Despite paying lip service to increasing school safety, Florida Gov. Rick Scott refused to answer reporters’ questions Wednesday when they asked him whether he’d sign a bill that would allow some teachers to carry weapons in schools in the wake of the mass shooting in Parkland on Valentine’s Day.
“You know, the bill is still being debated,” Scott said of the “Marjory Stoneman Douglas High School Public Safety Act,” a sweeping piece of legislation that would simultaneously ban “bump stocks,” increase the age to buy semi-automatic weapons to 21 and allow for more teachers and school staff to be armed on campuses.
“I’ve been clear, I don’t think we ought to be arming teachers,” the governor said when asked about the “marshal” provision in the bill, which would not arm teachers per se, but would allow other school personnel to be trained and armed. This could include “librarians, counselors and coaches,” the New York Times noted on Tuesday.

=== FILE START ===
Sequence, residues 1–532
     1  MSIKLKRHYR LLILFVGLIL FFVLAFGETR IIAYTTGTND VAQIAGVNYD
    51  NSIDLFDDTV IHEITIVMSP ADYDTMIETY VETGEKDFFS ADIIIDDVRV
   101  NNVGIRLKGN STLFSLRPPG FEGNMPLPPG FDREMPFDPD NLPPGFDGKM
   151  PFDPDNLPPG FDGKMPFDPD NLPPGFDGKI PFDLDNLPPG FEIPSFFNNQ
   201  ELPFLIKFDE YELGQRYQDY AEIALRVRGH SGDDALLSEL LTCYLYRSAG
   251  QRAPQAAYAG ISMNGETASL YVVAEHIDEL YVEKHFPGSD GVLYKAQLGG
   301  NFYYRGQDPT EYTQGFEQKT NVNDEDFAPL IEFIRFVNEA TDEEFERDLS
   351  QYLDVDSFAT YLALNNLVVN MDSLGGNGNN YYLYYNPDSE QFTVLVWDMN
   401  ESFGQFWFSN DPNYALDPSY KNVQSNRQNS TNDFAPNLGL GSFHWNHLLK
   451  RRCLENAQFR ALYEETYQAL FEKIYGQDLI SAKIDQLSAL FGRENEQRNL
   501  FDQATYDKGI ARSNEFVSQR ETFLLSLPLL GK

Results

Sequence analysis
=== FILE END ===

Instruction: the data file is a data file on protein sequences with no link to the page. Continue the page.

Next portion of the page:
Watch Scott’s comments below, via Politico’s Marc Caputo:
Gov. Rick Scott won’t say if he’ll sign the “Marjory Stoneman Douglas High School Public Safety Act” not will he say if the House, debating it right now, should pass it. pic.twitter.com/W4RdlwSjSD
— Marc Caputo (@MarcACaputo) March 7, 2018
Noteworthy that Gov. Scott says some of the most-important voices in his decision-making are the MSD victims’ families.
All have urged the Legislature to pass the bill. So it would be a surprise if he vetoed it
Here’s the second half of the presser. Pardon the video overlap. pic.twitter.com/2MzcxNvD6s